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Setting yourself up for success in 2024

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A new year is a great time to reflect and set goals for the year ahead. If one of your resolutions is to retire in 2024, congratulations!

In our experience as portfolio managers, there are four main areas that people who are approaching or living in retirement are concerned about: growth, income, healthcare, and legacy. Planning for each of these areas is key to a fulfilling and financially stable retirement experience.

Here are tips to help you set yourself up for success in each of these areas in 2024:


When you were in your thirties, your goal for your assets was likely growth. As you start thinking about retirement, your attention shifts to income; however, you cannot afford to discount the continued importance of growth.

Growth is essential to maintaining your ability to fund your lifestyle. Retirement is one of the longest periods in your life. If your portfolio stops growing, you increase your chances of running out of money, especially when inflation threatens to reduce your purchasing power.

The keys to getting the growth you need in your portfolio are what we often refer to as the superpowers of investing: structure and discipline.

The way we achieve growth without taking on too much risk is with something we call the five pillars. You may be familiar with the first three pillars: Canadian equities or Canadian dollar equities, U.S. and International equities, and fixed income. The last two pillars have been used by pension plan strategies like the Canadian Pension Plan for decades: alternative trading strategies and alternative yielding strategies. The mix of these pillars in your portfolio will depend on your personal objectives.

Structuring your growth bucket around these five pillars—and having the discipline to stick to that structure through the highs and the lows—will give you more return for less risk than investing in an index or the market.


It is important to realize that your income strategy is different than your growth strategy. Trying to achieve both goals with the same assets can get messy. That is why we dedicate certain assets to the growth bucket and other assets to the income bucket.

The primary goal of the income bucket is to provide, predictable, sustainable, and—to the extent we can get it—tax efficient income.

But how do you get the cashflow you need? One strategy that has been embraced by many pension fund managers is liability matching. Ask yourself: What kind of lifestyle do I want in retirement? What cashflow do I need to support that lifestyle? What is my timeline for receiving that cashflow? Then structure your income bucket to match your cashflow needs (liability) and your timeline.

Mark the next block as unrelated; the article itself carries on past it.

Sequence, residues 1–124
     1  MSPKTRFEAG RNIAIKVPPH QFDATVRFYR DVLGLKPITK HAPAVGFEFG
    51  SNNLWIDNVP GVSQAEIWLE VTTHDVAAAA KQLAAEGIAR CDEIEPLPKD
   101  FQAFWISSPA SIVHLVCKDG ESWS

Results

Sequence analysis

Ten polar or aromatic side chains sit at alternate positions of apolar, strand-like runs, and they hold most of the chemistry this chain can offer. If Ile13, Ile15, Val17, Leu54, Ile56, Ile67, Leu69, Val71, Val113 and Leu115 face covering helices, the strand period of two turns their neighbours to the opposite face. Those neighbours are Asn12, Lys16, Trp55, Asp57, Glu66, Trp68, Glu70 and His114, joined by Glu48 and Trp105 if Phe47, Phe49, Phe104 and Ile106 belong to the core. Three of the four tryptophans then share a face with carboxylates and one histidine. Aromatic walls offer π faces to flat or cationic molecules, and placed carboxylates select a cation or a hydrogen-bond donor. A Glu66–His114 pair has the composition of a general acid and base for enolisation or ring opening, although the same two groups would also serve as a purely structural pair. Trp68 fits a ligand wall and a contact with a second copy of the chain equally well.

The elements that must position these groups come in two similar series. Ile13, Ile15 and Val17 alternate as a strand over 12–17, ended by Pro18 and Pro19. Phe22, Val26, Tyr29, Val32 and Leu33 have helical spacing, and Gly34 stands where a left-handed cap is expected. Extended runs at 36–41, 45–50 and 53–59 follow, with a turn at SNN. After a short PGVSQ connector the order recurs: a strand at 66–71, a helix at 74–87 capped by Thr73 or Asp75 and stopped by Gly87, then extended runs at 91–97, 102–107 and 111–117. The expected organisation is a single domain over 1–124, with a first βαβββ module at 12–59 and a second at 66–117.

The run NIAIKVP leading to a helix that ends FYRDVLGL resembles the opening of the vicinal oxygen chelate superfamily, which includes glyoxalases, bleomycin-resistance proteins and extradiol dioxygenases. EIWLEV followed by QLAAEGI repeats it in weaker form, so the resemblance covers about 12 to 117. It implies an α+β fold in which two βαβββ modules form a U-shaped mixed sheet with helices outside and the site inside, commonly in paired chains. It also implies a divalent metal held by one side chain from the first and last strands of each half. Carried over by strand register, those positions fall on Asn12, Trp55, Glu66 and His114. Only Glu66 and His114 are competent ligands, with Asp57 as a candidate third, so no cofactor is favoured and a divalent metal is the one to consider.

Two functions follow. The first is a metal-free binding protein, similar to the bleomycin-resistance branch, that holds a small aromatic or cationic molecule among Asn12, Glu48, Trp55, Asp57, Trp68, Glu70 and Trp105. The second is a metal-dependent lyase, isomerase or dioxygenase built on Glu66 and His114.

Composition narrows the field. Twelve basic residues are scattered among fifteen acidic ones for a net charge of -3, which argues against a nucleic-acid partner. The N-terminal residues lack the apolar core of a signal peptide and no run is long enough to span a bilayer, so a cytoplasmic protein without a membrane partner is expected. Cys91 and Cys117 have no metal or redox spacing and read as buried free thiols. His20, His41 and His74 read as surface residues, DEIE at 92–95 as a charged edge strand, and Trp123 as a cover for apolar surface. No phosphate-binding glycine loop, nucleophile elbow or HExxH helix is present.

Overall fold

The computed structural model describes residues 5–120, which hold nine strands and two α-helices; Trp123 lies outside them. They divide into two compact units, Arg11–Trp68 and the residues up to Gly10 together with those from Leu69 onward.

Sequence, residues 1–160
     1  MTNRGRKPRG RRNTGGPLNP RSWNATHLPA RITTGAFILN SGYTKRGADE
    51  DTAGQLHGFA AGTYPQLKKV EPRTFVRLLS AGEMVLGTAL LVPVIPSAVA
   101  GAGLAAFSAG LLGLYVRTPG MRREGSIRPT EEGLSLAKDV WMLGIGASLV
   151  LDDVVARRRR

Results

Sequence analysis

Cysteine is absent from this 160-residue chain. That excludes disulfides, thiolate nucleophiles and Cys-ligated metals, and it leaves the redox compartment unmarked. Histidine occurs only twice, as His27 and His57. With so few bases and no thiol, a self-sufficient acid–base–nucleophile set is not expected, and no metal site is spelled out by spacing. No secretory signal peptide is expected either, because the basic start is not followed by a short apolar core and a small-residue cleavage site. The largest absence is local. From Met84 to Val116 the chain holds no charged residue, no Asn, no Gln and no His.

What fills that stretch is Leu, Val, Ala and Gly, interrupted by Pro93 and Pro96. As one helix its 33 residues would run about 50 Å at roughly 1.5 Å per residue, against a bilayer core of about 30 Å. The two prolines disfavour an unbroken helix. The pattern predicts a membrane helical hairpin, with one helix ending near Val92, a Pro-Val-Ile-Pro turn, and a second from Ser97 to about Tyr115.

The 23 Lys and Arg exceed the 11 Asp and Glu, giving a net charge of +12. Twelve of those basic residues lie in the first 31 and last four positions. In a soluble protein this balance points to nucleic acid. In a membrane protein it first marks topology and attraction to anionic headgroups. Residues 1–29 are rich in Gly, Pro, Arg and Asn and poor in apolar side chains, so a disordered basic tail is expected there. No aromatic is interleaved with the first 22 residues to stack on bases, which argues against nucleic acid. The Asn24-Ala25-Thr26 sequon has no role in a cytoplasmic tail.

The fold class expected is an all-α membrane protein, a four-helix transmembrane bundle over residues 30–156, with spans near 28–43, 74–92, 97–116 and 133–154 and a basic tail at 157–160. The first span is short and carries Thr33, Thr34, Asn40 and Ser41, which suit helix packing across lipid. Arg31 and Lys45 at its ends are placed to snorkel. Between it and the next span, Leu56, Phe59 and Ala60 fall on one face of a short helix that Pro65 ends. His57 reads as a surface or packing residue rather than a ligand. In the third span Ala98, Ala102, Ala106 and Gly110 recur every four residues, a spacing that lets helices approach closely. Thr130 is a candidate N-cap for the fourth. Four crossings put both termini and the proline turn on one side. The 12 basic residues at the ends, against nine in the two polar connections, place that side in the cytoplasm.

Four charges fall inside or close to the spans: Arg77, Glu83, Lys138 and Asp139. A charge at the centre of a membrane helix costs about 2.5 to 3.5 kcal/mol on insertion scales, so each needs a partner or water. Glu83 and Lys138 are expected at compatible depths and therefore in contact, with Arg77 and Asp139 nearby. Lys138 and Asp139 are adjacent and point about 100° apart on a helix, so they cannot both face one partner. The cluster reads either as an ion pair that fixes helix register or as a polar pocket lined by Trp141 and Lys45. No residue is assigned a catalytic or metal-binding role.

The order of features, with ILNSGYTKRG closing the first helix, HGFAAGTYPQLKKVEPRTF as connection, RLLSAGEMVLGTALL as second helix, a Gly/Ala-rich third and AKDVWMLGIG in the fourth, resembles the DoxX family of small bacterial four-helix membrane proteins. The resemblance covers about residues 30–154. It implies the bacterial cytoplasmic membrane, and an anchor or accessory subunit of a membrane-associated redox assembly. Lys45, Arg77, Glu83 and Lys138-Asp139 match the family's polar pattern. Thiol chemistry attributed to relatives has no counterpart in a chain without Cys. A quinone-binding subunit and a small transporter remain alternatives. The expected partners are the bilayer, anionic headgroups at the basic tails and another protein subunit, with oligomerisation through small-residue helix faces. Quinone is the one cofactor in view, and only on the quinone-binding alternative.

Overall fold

And do not forget, not all income is created equally from a tax perspective. Tax will be the single biggest expense for most people in retirement. Your tax strategy needs to be flexible, dynamic, and reviewed regularly because the less money that goes to taxes, the more you have in your pocket to enjoy the lifestyle you want.


We are seeing more and more Canadians paying out of pocket for the quality of healthcare they want in retirement. Those additional costs need to be factored into your retirement plan.

Whether you want to age at home or in a home, there will be a cost associated. If you choose to move into an assisted living facility, what level of care do you want? What level of care can you afford? If you choose to age at home, will you need to retrofit your house to meet your needs? Will you need to bring in home care?

And healthcare planning is not just about choosing a level of long-term care. Who will shovel your sidewalk if you are not able to? What if you need help with cooking or cleaning? If you do not have friends or family members who live close by and are able to pitch in, getting the help you need will come at a cost.

If you do not plan for your healthcare needs and document your wishes, it could impact your ability to get the quality of care and maintain the lifestyle that you want in retirement.


Some people amass more wealth than they can spend during their lifetime. They have the responsibility to transition that wealth in a way that protects their family and provides them with the education and resources necessary to use the money wisely. 

Transitioning your wealth without proper planning can result in family friction, misunderstanding your wishes, and more money than necessary going to the CRA.

When you look ahead to the coming year, the most important thing is not making clever trades or getting the highest rate of return possible. It is about what your money can do for you. It is about enjoying the lifestyle you want without taking unnecessary risks to get there.

We will be talking about our approach to retirement planning at our upcoming seminar on January 23, 2024 at the Country Hills Golf Club. Click here to register.

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Can I afford to retire? Will inflation and volatility ruin my retirement plans? How do I ensure my family is looked after? What happens if I have an unexpected health event? Can I support the lifestyle I want in retirement?

When it comes to preparing for a fulfilling and financially stable retirement, there are so many questions you need answered.

Dave and Faisal’s seminar will give you the practical tools and advice you need to bring your vision for retirement to life. Dave and Faisal cover topics like investment and tax strategies, financial and estate planning, and lifestyle goals to help make sure you’re ready to take the next steps toward retirement.

Sign up for their seminar today!

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